#BBBinSTEM: From “Odd Woman Out” to “In the Spotlight”
“It might be hard to admit you need help from someone, but it can help make a huge difference in how you handle burnout.”
~ Amber Lenon
By Mallory Molina
Last week, Dr. Shine Chang joined us on our episode of #VanguardSTEM, which focused explored the theme Burnout, Bravery and Being a Woman of Color in science, technology, engineering, and mathematics fields (WOC in STEM). The topic resonated with many, so we decided to reach out to you, our audience, to gather and share more of your reactions, thoughts and personal stories on the topic. Over the next three weeks, I’ll introduce you to three women who volunteered to share their stories.
This week, meet Amber Lenon, a first-year graduate student at West Virginia University (WVU) who worked on the Laser Interferometer Gravitational Wave Observatory (LIGO) during the second gravitational wave detection.
Being A WoC in STEM
Lenon originally began her college career as a graphic design major at Cazenovia College. When she switched to physics, she also transferred schools to Syracuse University and completed her Bachelor’s of Science in Physics in three years.
When talking about her support system, and being a woman of color in STEM at Syracuse, Lenon explained, “In high school, I always felt more of the odd woman out. Once I got to Syracuse, I surrounded myself with people who saw me as a friend or colleague rather than only seeing my skin color.” She started to build her own network of support, which included her research advisor to help ground herself.
While she was learning to adjust to her new surroundings, she also had to deal with a very demanding course load: “Multiple people told me that the fall semester [of my last year] would be difficult because of the classes I was taking. I thought I was prepared, but by the time I got to that semester, I could feel the strain catching up to me.”
She started to experience classic signs of burnout, and began sleeping less and working more. She kept going until she “felt like [she] just didn’t want to do anything.” Lenon did graduate, and the first night home, she slept for ten hours straight. She spent the rest of the summer resting.
During her time at Syracuse, Lenon was involved with the LIGO experiment, which is a laser detector that uses light waves to search for gravitational waves. She was working as a student there when the second detection of gravitational waves was announced. “I don’t like to be in the spotlight at all,” Lenon said, reflecting on that time. “But once LIGO made their announcement, I was forced into the spotlight.”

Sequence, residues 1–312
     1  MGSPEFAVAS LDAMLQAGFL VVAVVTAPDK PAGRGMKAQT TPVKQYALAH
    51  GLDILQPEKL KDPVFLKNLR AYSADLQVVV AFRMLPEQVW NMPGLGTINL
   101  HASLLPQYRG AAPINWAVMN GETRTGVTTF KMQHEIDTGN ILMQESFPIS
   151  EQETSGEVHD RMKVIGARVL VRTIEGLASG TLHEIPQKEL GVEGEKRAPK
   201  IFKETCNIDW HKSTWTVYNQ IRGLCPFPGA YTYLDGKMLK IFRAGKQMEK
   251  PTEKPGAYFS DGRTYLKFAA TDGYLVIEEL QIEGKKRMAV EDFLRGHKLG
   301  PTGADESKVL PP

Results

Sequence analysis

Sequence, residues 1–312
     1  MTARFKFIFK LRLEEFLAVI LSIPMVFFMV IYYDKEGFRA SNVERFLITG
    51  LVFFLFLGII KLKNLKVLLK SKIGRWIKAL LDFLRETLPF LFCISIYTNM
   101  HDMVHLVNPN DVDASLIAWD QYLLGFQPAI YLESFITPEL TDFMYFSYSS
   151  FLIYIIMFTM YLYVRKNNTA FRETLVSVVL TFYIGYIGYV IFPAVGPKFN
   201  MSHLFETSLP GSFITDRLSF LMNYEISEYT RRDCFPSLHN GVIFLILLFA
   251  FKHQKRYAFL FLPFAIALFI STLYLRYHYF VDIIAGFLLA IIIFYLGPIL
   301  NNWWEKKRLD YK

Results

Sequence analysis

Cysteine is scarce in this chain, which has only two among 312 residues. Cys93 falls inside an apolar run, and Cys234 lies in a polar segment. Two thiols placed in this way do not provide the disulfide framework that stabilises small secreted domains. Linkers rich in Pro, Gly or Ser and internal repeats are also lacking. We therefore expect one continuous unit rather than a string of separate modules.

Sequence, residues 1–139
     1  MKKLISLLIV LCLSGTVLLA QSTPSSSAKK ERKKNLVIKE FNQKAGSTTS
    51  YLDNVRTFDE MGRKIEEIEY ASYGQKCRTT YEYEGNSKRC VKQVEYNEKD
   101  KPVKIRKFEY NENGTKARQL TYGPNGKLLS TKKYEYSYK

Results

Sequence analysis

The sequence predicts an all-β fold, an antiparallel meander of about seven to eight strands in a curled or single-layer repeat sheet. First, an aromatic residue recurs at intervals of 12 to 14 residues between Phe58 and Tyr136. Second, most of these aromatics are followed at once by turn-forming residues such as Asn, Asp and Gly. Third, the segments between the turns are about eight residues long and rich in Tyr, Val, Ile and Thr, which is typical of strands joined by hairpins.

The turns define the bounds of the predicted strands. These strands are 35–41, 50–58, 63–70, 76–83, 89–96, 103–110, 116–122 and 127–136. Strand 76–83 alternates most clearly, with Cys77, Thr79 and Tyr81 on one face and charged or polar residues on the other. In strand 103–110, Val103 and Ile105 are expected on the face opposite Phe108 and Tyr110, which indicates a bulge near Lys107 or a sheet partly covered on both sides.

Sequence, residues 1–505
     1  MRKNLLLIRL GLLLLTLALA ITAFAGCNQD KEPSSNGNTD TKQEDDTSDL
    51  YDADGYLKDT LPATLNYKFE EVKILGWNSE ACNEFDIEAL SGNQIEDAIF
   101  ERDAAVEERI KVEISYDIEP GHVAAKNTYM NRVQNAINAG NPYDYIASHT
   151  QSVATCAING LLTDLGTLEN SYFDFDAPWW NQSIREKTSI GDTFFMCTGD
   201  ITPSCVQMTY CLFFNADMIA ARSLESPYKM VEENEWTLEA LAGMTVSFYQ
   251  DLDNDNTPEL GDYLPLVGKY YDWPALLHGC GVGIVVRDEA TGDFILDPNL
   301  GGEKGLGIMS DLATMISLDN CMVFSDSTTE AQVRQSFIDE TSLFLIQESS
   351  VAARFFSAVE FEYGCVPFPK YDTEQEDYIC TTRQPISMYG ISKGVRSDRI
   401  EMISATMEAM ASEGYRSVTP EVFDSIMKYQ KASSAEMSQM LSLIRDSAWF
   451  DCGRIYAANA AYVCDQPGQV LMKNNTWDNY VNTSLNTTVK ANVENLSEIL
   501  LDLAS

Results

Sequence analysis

On the day of the announcement, she had three television interviews and one phone interview. During one of those interviews, she was asked what it was like to be a woman and a woman of color in a male-dominated field. Lenon bravely spoke in all four interviews. Even though this was a difficult time, she loves her work there. Lenon will continue doing work with LIGO as a graduate student at WVU.
One of the main points from the show that resonated with Lenon was the importance of being vigilant and realizing when something is wrong. “It might be hard to admit you need help from someone, but admitting that something is wrong and that you need help can make a huge difference in how you handle burnout,” she concluded. Lenon makes the point that knowing something is wrong and fixing it is okay.
From Lenon’s standpoint (and #VanguardSTEM agrees!), bravery is asking for help when you know you need it. It isn’t shameful to do so! You deserve to be in a good space emotionally, physically and mentally as you continue forward in your STEM careers—make time to find ways to escape, relax and enjoy life outside of STEM. After all, as Dr. Chang discussed, sometime less work means more productive work in the long run.
Copyright © 2016 by Jedidah Isler
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